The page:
It is long overdue.

The Chronicle of Philanthropy is reporting that “The Board of Directors of the Humane Society of the United States, the nation’s most influential animal-welfare group, has hired a Washington law firm to investigate an allegation of workplace misconduct against its longtime chief executive, Wayne Pacelle…

“Among the topics, insiders say, is an alleged sexual relationship between Mr. Pacelle and a female employee.”

“Among the topics” suggests there are others. That’s not surprising as it’s not the first time he and others at HSUS have been accused. “Former HSUS-National Council member Arthur Benjamin has also faced four separate lawsuits for sexual misconduct. Claims against former HSUS vice-president Paul Shapiro were made last week.” I also know a woman who had to fend off Pacelle’s unwanted sexual advances. And there’s more.

“The organization has a long history of sexual harassment, starting from the top,” notes a review on Glass Door. “It is truly a boy’s club atmosphere. Many people have complained to HR, managers, and others, and no one is listening. It is a serious problem! Stop pretending that it doesn’t exist and hope it goes away. Really take a serious look into the sexual harassment claims.”

Another review states that: “The attractive women that have bragged about sleeping with the CEO are given promotions and huge pay raises. These women are given preferential treatment by management and HR.”

His deplorable conduct and the harm it has caused is not new. And for animals, it’s been deadly.

This is a man who demanded that Michael Vick’s victims — the dogs Vick violently abused — be killed, but that Vick himself be forgiven and given his job back;

This is a man who fought the No Kill movement for years;

Who called for the round up and killing of community cats;

Who defended abusive pounds;

Who fought legislation to keep animals from convicted animal abusers because he did not want convicted animal abusers stigmatized;

Who fought shelter reform legislation including laws that would have banned the gas chamber, heartsticking, and convenience killing;

Who fundraised off the work of others;

And who admitted he doesn’t live with animals or particularly like them.

After years of undermining the cause he is paid $380,000 a year to perform, he may finally be held accountable for his behavior — not because he betrayed animals as he has time and time again, but because of his treatment of people.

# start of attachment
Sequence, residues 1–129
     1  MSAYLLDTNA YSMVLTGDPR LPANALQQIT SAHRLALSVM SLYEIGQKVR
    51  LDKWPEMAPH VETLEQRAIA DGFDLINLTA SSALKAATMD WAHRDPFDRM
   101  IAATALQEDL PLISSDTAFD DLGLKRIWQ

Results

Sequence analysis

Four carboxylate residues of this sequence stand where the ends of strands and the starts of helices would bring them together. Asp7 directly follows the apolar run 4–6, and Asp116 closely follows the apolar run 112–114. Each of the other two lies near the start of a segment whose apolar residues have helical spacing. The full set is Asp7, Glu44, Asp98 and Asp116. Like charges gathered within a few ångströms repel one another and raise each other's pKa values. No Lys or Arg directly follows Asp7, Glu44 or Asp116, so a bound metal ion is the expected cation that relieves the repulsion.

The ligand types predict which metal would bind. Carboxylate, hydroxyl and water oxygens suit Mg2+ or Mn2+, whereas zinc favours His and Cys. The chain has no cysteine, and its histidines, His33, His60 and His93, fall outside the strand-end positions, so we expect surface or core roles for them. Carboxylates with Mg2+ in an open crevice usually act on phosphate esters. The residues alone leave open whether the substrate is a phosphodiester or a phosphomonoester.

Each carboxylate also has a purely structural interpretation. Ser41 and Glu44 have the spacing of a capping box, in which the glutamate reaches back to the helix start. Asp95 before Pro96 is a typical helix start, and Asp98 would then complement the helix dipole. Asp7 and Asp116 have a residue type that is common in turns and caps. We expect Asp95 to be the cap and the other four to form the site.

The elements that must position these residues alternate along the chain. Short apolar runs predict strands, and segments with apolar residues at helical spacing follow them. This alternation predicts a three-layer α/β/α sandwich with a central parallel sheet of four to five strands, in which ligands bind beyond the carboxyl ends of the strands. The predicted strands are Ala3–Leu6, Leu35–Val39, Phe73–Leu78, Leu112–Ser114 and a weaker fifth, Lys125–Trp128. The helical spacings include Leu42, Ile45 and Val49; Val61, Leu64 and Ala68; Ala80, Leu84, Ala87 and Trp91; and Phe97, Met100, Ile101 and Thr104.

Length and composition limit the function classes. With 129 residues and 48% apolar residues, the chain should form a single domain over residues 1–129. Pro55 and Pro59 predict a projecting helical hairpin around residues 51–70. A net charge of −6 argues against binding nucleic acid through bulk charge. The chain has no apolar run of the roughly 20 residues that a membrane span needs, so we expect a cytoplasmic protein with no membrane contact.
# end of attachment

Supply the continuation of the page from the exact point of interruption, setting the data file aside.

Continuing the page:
Given that the Board of Directors has long been a look-the-other-way, do-nothing rubber stamp for Pacelle, why the change of heart? Why have they opened an investigation?

Perhaps it is that the reckoning on sexual misconduct occurring in society at large can no longer be ignored by the animal protection movement. Perhaps. But my money is on…. well, money. The actions of HSUS leadership are finally starting to impact donations.

A Tofurky spokesperson announced that it might withdraw funding from HSUS. “Moving forward, I will not be donating to groups that have known chronic problems with sexual harassment and/or gender discrimination, whether it be problem individuals or chronic patterns of organizational behavior. Too many women have left the animal movement due to these issues. It must stop.”

That’s true. It must stop. People deserve protection. But so do animals. And that is the cruel irony here. So long as he was making money, the Board of Directors at HSUS were willing to look the other way. They no longer can.

They, and the animal activists who defended Pacelle, may finally learn the very lesson the movement has been claiming for decades; that there is a link between animal abuse and abuse of people.

“The Link,” as it is often called, seems to go both ways.

Jan. 30, 2018 Update: The Washington Post is reporting on the details and they are disturbing. Not only because there are multiple complaints leading to a “toxic environment” and not only because how wretched Pacelle’s behavior has been, but because of the impact on animal protection:

“The people briefed on the investigation said they worried that money going to address Pacelle’s actions was misdirected from protecting wildlife.

“One woman said she received a settlement from the Humane Society after she complained about Pacelle’s alleged girlfriend joining her team without proper qualifications and was shut out of work opportunities, according to the memo.

“Two more received payouts after they leveled retaliation charges against the organization, asserting they lost their jobs after speaking up about Pacelle’s office romance and sexual behavior in the office, according to the memo.”

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